By Jasmine Willis
SENECA FALLS — The birthplace of the Women’s Rights Movement happened in the heartbeat of a historic village, and their voices created timeless echoes that could not be silenced.
On a trip to Seneca Falls to honor the 100th Anniversary of the Women’s Rights, the Women’s Rights National Historical Park had a tour of the Visitor Center and the Wesleyan Chapel.
National Historical Park Ranger, Mary O’Neill shared the story of the first Women’s Rights Convention, the Declaration of Sentiments, and the Women’s Rights Movement.
It was Elizabeth Cady Stanton that encouraged women to challenge America, and make sure their rights, voices, and justice was heard.
“Elizabeth writes a lot about how her grandparents influenced her. What you need to remember is that her grandparents were part of the American Revolutionary War. They lived through a time when we were literally writing America’s history. They were in a time when changes were being made in industry and large population growth,” O’Neill said. “When our Founding Fathers wrote the Declaration of Independence, they decided what freedom meant. This was the personal history being told to an 11-year-old Elizabeth from her grandparents. When her older brother died suddenly her father told her he wished she was a boy. This changed a lot of how Elizabeth saw herself as well. She decided the only thing that separated her from boys was they had courage and education.”
O’Neill mention how it was personal tragedy that pushed Stanton to be the amazing woman she turned out to be in history.
It was women like Elizabeth Cady Stanton, Lucretia Mott, Jane Hunt, Mary Ann M’Clintock, and Martha Wright who first picked up the torch for women’s rights in 1848. The first Women’s Rights Convention was held on July 19 and 20 in 1848 to demand full and equal rights with men. There were hundreds present at the meetings, and only 100 signatures were on the petition. Among those were Fredrick Douglas and 14-year-old Susan Quinn.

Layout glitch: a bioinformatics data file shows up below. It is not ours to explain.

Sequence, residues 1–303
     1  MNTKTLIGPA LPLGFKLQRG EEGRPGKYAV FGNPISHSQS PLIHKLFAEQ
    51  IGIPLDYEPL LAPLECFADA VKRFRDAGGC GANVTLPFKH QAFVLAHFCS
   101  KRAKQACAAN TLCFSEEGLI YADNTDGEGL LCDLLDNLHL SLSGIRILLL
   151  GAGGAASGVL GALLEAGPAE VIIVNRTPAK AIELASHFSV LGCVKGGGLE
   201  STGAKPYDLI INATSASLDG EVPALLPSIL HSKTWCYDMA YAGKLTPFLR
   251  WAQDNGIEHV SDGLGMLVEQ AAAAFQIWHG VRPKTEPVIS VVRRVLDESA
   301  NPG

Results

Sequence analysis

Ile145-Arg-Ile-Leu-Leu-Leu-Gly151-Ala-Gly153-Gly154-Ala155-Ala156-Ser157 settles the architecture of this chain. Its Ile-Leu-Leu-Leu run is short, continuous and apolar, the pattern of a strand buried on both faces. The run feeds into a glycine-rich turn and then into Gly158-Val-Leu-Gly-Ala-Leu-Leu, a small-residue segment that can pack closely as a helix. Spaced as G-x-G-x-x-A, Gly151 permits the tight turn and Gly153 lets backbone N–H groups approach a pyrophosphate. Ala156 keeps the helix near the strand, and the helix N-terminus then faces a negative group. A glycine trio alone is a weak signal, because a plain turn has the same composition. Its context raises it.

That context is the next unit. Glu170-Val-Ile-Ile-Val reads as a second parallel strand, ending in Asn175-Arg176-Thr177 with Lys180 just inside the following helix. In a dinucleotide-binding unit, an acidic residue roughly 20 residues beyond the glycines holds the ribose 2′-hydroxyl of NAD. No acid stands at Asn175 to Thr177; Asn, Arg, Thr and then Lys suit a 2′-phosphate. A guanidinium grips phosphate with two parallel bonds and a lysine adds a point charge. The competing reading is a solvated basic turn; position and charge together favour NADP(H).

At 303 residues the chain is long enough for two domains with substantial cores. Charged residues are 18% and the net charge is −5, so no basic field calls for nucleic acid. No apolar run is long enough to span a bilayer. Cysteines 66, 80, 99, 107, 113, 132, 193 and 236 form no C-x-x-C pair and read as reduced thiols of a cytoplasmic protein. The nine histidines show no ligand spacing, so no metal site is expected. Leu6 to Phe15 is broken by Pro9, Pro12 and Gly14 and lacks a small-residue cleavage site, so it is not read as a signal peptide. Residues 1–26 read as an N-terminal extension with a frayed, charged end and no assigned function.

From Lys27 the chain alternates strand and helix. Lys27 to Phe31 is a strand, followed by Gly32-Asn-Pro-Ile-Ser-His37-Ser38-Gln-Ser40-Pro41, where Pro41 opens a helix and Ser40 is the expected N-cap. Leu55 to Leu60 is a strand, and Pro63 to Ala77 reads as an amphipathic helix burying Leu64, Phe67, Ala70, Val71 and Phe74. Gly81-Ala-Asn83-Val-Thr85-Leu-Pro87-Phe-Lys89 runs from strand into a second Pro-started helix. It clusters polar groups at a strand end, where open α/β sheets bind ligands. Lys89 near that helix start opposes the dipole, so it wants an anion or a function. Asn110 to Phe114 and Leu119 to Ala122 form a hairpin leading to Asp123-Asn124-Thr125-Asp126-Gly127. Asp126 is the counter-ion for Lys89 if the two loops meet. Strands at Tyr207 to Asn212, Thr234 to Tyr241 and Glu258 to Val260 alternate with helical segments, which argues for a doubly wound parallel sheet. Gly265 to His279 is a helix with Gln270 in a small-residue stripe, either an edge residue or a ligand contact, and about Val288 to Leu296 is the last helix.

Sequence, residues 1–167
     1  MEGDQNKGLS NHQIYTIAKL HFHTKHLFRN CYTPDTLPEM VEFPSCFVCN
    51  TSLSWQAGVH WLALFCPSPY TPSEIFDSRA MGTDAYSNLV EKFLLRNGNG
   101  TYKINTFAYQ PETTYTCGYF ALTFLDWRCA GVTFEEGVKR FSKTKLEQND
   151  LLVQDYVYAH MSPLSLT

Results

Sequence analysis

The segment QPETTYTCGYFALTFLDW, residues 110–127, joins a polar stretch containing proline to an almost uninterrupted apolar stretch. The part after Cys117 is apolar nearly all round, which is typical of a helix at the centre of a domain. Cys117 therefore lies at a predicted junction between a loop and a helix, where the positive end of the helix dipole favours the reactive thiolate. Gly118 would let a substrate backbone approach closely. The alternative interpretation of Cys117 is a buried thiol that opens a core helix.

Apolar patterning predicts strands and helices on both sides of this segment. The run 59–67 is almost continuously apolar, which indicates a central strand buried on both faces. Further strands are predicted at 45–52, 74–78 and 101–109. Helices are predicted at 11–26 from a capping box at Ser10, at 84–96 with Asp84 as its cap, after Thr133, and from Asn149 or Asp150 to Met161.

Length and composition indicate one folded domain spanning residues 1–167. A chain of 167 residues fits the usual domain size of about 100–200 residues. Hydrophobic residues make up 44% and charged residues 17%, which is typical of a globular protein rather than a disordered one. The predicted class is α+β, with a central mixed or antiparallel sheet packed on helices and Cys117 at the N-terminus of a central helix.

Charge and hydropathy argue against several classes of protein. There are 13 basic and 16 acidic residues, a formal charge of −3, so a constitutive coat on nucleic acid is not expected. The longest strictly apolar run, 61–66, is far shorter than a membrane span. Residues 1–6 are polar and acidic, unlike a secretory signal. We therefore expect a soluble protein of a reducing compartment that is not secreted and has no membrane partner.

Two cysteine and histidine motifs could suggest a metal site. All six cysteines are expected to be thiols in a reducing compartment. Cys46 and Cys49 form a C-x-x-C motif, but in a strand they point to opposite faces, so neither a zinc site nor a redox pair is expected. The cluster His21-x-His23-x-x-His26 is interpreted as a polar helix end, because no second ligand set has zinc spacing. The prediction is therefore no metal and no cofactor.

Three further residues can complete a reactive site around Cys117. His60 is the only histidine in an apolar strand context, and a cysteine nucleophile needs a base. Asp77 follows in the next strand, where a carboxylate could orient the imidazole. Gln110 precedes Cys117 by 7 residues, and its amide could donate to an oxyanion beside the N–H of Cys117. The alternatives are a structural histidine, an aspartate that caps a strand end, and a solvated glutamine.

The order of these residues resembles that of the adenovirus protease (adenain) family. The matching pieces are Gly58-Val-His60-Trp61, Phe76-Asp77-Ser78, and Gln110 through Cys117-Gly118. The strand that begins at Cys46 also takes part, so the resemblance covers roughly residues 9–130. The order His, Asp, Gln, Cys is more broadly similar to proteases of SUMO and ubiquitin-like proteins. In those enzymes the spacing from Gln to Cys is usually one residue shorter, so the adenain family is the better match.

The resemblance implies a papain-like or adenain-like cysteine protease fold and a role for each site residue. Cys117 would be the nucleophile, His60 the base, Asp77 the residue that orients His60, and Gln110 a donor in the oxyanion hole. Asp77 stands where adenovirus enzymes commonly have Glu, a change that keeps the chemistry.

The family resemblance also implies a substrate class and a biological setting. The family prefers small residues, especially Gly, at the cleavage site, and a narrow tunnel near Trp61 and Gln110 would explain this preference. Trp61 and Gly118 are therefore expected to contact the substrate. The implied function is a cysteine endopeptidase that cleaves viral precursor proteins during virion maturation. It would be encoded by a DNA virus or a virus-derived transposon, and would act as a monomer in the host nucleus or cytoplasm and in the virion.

“The 100-year birthplace of Women’s Rights happened right here at the Wesleyan Chapel. The most controversial thing about the Declaration of Sentiments was the right to vote. Elizabeth was very keen on the law, and Fredrick Douglas was backing her up on the women’s right to vote. Afterall he had escaped slavery and started his own business at a newspaper,” O’Neill said. “It took 72 years for the Declaration of Sentiments to pass nationwide from 1848 to 1920. In 1917 New York State passed the vote. It took 72 years for the Declaration of Independence to take hold too. These kinds of important points in history don’t just happen overnight.”
Susan B. Anthony, a Quaker School Teacher enters the spotlight in 1851, and has a lasting friendship with Stanton. She is often the first name that comes to mind when we think Women’s Rights. They would continue their partnership to lobby for the 1848 Married Women’s Property Act of New York. This groundbreaking act of 1860 made it so wives could hold property, keep earnings, make contracts, sue in court, and share child custody.